Clemens, Samuel L.
- The Writings of Mark Twain. New York and London: Harper & Brothers, 1904–1906
- cloth, ink
This set of The Writings of Mark Twain is one of a handful of aphoristically inscribed sets of the Hillcrest Edition that the author prepared in the late fall of 1904. While single volumes inscribed by Mark Twain with an autograph maxim are not uncommon, we are aware of only four other presentation sets of his complete works. A set inscribed by Clemens to his daughter Jean, 27 November 1904, is in the collection of the Mark Twain Memorial, Hartford. A set inscribed on the same day to his daughter Clara was included in the first part of the Neville sale, 13 April 2004. Two further sets were inscribed for sons-in-law of Henry Huttleston Rogers, Clemens's great friend and benefactor. The set inscribed to William E. Benjamin, the husband of Rogers's oldest daughter, Anne, was bequeathed to the Millicent Library, Fairhaven, Massachusetts—the hometown of H. H. Rogers. The set presented to William R. Coe, who was married to Rogers's youngest daughter Mai, remained in the family of the recipient until it was sold by us, 18 June 2002. The Coe set was issued over the imprint of Hartford's American Publishing Company, while the other three, like the present, bear the Harper imprint.
The Hillcrest Edition was the last set of Clemens's works published by American, which Clemens was sure had bilked him out of much of his deserved royalties over the years. Allowing the American Publishing Company to issue the Hillcrest Edition—with no royalties for it payable to Clemens—was one of the points of the agreement negotiated by Henry Huttleston Rogers in October 1903 that transferred the right of all of Clemens's books to Harper & Brothers. In point of fact, Harpers ended up purchasing 1,800 of the 2,500 sets of the Hillcrest Edition from the Hartford-based publisher. (Because of Clemens's deep gratitude to Rogers for spending "more than a year trying to reconcile the differences between Harper & Brothers and the American Publishing Co. and patch up a working contract between them" ["A Tribute to Henry H. Rogers (1902) by Samuel L. Clemens," Appendix G in Mark Twain's Correspondence with Henry Huttleston Rogers), he likely made at least two further aphoristically inscribed sets for Bradford F. Duff, husband of Rogers's middle daughter, Cara, and for Rogers's son, Harry, but there is no record of their survival. It is possible that the present set originated with Duff or Harry Rogers.)
The volumes in the set are inscribed as follows with a Mark Twain maxim and signed with the famous nom de plume. "What is the difference between a taxidermist & a tax-collector? The taxidermist takes only your skin" (vol. 1). "Difference between savage and civilized man: The one is painted, the other gilded" (vol. 2). "The human race consists of the violently insane and such as are not" (vol. 3). "The man who is a pessimist before 48, knows too much; if he is an optimist after it, he knows too little" (vol. 4). "Ist form: In the hour of death it was George Washington's chiefest solace to reflect that he had never told an injurious lie" (vol. 5). "IId form: In the bitterness of death it was George Washington's proudest boast that he had never told over a thousand lies, put them all together" (vol. 6). "IIId effort to get it right: In the bitterness of death it was George Washington's chiefest solace that he had never told a lie, except this one" (vol. 7).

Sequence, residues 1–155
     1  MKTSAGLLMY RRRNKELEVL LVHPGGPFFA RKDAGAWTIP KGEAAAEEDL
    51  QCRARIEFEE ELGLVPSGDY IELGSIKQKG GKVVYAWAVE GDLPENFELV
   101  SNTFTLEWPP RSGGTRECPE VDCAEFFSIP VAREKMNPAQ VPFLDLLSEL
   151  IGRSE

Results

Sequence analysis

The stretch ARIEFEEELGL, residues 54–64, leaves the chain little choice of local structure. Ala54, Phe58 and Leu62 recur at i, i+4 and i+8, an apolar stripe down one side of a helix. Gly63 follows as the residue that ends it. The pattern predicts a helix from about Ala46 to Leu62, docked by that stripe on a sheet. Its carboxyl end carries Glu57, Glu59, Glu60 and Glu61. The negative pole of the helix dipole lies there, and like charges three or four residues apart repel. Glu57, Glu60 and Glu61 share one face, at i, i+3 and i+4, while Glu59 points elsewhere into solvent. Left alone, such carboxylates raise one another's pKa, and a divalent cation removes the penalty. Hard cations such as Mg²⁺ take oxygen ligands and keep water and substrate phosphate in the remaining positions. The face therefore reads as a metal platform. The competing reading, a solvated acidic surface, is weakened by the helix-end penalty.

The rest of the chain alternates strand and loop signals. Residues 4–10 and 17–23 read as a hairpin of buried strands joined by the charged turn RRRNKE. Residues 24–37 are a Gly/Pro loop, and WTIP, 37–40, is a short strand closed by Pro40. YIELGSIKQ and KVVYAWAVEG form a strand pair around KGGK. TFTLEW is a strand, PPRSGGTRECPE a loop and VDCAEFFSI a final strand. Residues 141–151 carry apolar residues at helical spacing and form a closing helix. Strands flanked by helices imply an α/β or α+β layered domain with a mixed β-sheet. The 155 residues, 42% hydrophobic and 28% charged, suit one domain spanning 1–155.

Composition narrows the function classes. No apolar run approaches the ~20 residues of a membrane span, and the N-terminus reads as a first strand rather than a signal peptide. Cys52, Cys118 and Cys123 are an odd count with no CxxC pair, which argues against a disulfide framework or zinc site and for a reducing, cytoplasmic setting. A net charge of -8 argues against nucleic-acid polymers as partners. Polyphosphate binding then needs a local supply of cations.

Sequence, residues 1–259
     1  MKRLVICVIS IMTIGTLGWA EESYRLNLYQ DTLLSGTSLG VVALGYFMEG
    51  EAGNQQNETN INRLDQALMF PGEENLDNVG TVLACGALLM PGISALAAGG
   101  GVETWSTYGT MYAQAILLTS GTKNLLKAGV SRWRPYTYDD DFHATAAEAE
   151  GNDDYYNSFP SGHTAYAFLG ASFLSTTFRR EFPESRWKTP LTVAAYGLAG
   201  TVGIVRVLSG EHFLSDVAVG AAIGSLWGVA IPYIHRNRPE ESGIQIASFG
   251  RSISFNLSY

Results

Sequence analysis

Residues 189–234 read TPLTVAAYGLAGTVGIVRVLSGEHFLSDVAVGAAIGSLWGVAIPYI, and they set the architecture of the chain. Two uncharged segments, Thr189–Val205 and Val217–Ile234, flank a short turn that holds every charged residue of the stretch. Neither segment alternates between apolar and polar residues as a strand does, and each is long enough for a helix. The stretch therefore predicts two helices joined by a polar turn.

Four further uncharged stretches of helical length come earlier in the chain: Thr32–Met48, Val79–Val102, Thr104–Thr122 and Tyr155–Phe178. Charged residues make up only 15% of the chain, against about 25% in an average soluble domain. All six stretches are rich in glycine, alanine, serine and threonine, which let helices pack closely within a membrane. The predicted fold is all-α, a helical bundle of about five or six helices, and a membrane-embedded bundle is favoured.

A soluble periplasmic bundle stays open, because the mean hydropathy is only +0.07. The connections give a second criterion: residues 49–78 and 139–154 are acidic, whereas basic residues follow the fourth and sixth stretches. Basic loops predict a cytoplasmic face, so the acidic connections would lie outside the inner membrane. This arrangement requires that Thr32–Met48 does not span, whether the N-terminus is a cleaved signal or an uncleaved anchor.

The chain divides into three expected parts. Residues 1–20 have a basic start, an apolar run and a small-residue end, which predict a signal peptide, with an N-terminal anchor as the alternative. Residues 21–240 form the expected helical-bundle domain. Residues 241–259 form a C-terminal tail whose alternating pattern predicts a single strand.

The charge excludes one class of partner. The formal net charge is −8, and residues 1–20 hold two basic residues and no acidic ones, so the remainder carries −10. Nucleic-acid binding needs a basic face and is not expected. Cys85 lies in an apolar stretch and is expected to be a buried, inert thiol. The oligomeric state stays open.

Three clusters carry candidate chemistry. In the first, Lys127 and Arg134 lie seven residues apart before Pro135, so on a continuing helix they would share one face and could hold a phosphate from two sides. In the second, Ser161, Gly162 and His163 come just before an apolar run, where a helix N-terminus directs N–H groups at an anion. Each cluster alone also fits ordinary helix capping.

"Tell the truth or trump—but get the trick" (vol. 8). "When angry, count four; when very angry, swear" (vol. 9). "Adam & Eve had many advantages; but the principal one was, that they escaped teething" (vol. 10). "Training is everything: the peach was once a bitter-almond; cauliflower is nothing but cabbage with a college education" (vol. 11). "The holy passion of friendship is of so sweet, & steady, & loyal & enduring a nature that it will last through a whole lifetime if not asked to lend money" (vol. 12). "Why is it that we rejoice at a birth & grieve at a funeral? It is because we are not the person involved" (vol. 13). "Let us endeavor to so live that when we come to die even the undertaker will be sorry" (vol. 14). "Habit is habit, & not to be flung out of the window by any man, but coaxed down stairs a step at a time" (vol. 15).
"Consider well the proportions of things: it is better to be a young june-bug than an old bird of paradise" (vol. 16). "Work & Play are words used to describe the same thing under differing conditions" (vol. 17). "On the whole it is better to deserve honors & not have them, than have them & not deserve them" (vol. 18). "As to the adjective: when in doubt, strike it out" (vol. 19). "All say how hard it is that we have to die: a strange complaint to come from the mouths of people who have had to live" (vol. 20). "Nothing so needs reforming as other people's habits" (vol. 21). "When I reflect upon the number of disagreeable people who I know have gone to a better world, I am moved to lead a different life" (vol. 22). "An accepted maxim says let sleeping dogs lie. And indeed it is morally better for you to let them do it than do it yourself" (vol. 23).
The majority of the maxims—thirteen—Clemens chose to write in this set of his works were taken, or adapted, from "Pudd’nhead Wilson’s Calendar": those in volumes 8–16 and 19–22). Of the remaining eleven, those written in volumes 1–4, 17 and 18 were taken from Mark Twain’s notebooks and were not published in his lifetime. We have not been able to locate an exact match for the maxim in volume 23, although variants are found in other inscribed books. The source for the tri-part aphorism in volumes 5–7 remains a mystery and may be unique to this set.